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    1. Option 3, in my opinion, is dead simple. Step 1, Go to another service and create an email account. Step 2, tell gmail to redirect all mail to that account. I would guess 10 – 15 minutes to create the new account and less than a minute to make the changes in gmail. The simplicity of it is that everything gets backed up as soon as gmail receives it.

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      1. Ok I guess I hadn’t thought that through.
        I assume that approach only deals with new emails though?
        How do I deal with the existing 30,000 emails?

        Related to this , are any other free webservices actually retaining unlimited emails, “forever” like gmail does?
        My hotmail account just being wiped due to lack of use…

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      2. Some email accounts, like Yahoo mail for example, can be a pain in that the email is forwarded but not kept on the Yahoo server. It’s like forwarding a phone call, you only get the call on the phone you’ve forwarded to.

        Gmail is OK though as it doesn’t do this, i.e. you get a copy of the email in both Gmail and the account you forwarded to.

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  6. very waste da

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  7. Lifestream Backup (http://lifestreambackup.com/) is a very easy fire-and-forget backup service not just for GMail but for Google Docs, Facebook, Flickr, and other sites. However, their GMail support is still “beta” and only backs up the inbox folder, I believe.

    Since I’ve linked to this twice now, I feel I should mention that I’m not affiliated with the company (just a happy customer).

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  8. I go with option 1. I know that since Gears is available, an extra e-mail client is not really necessary anymore. But I still use Thunderbird on the side because that way I can easily store my e-mail on my local HDD. Thanks to IMAP it’s really simple. Most of the time, however, I use Gmail, Google Reader and Google Calendar in the browser. But if the webinterface goes down for some reason (just like a couple of weeks ago), I can switch to Thunderbird with Lightning and access my mail, my RSS-feeds and my calendar, as well.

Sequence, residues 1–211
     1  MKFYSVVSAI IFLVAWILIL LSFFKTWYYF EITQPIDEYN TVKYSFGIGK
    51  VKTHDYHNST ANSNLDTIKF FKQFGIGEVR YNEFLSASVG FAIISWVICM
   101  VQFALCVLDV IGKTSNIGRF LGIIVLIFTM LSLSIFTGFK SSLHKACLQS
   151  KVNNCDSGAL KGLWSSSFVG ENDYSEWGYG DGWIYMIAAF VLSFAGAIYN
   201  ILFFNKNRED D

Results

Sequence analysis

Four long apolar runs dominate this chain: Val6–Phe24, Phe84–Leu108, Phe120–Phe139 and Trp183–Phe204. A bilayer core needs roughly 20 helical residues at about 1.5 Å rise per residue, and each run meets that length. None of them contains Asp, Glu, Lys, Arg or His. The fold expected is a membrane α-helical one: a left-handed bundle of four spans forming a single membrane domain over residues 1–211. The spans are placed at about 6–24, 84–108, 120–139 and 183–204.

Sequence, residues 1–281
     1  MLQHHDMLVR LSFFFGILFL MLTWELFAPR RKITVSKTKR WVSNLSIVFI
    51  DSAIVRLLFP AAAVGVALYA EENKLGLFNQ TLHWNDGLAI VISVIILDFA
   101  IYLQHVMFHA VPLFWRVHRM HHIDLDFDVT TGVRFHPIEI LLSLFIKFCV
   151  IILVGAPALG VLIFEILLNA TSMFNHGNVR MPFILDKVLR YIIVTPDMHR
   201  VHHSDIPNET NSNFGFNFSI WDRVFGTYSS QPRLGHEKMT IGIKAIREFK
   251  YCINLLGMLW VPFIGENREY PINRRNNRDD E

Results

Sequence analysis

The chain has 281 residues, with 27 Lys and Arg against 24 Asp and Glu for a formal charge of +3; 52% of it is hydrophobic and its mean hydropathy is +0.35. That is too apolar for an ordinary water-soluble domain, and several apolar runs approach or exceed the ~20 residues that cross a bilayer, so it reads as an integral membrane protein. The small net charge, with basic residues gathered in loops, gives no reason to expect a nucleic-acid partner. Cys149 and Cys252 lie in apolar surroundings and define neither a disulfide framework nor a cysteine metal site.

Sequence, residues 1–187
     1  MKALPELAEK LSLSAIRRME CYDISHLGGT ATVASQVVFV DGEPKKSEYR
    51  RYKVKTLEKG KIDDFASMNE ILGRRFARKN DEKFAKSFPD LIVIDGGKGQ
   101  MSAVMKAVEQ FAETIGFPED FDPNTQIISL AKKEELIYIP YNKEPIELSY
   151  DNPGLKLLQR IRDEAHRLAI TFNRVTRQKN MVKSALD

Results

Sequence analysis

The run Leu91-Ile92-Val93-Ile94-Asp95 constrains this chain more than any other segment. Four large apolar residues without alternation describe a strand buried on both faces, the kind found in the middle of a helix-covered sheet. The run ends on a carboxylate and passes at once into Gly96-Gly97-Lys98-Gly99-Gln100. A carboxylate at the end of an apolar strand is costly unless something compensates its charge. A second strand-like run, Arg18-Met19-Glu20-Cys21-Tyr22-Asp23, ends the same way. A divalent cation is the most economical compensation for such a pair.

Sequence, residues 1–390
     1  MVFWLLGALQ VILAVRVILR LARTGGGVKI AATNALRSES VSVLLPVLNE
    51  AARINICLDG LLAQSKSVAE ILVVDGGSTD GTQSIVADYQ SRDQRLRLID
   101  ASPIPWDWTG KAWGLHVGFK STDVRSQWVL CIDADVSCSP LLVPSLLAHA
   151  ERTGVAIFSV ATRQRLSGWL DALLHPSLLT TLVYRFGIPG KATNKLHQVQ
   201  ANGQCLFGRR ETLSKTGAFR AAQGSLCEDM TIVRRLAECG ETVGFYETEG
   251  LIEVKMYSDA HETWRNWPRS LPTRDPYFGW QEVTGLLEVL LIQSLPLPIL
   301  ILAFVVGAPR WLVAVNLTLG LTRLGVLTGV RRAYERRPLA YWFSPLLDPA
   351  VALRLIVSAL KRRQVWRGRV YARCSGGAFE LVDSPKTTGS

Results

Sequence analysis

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  9. Hi, I’d like to point out our own service, SMEStorage.com, which allows the backup up of GMail to several clouds including Amazon S3, RackSpace Cloud Files, Box.net, MobileMe, or to any FTP server or WebDav enabled storage. We also enable the use of Gmail as a storage cloud if you wish to backup from any of these services to GMail. Lastly we have a premium feature called Cloud Sync which will keep clouds in sync either hourly or daily.

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  10. PRINT!! Yep, print every email out. You know there are people that do this…. including Aunt Edna! That said, I haven’t worried too much about my gmail so far, but I think I will go for a solution offering local storage with my probably archiving it to CD’s or DVD’s on a quarterly or so basis.

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    1. LOL… print.

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  11. I use Gmail offline mode on one of My PCs so that it gets a backup. I think I would send critical email to secondary services (Evernote, my Exchange account, etc..) but I don’t think I have too much critical email.

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  12. I purchased GMail Keeper 36 hours ago. Within twelve hours, I had sent a message to support. I have heard nothing. My GMail is still not backed up. Meanwhile, I find a site offering the program for $10 US less than I paid on GMail Keeper’s home site.

    Here are some of my woes. The download link I received was to an old version of the program stated on GMail Keeper’s blog to contain several errors fixed in the latest version. The program stalls trying to download headers. When I back off the configured number of headers in a batch by a factor of 4 from its default value, it downloads the messages. But, tagging them with the GMail labels fails. I don’t know why, because both dialog boxes that pop up are empty of text. Fit and finish is lacking. For instance, various dialog boxes and windows show what I suppose to be Chinese characters.

    GMail Keeper has lots of little bugs and maybe some big ones. Frankly, the program seems unfinished and untested. I don’t think I could trust it even if it reported a successful backup. Not recommended at this time.

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    1. Just wondering – now that it’s a year later is GmailKeeper looking any better?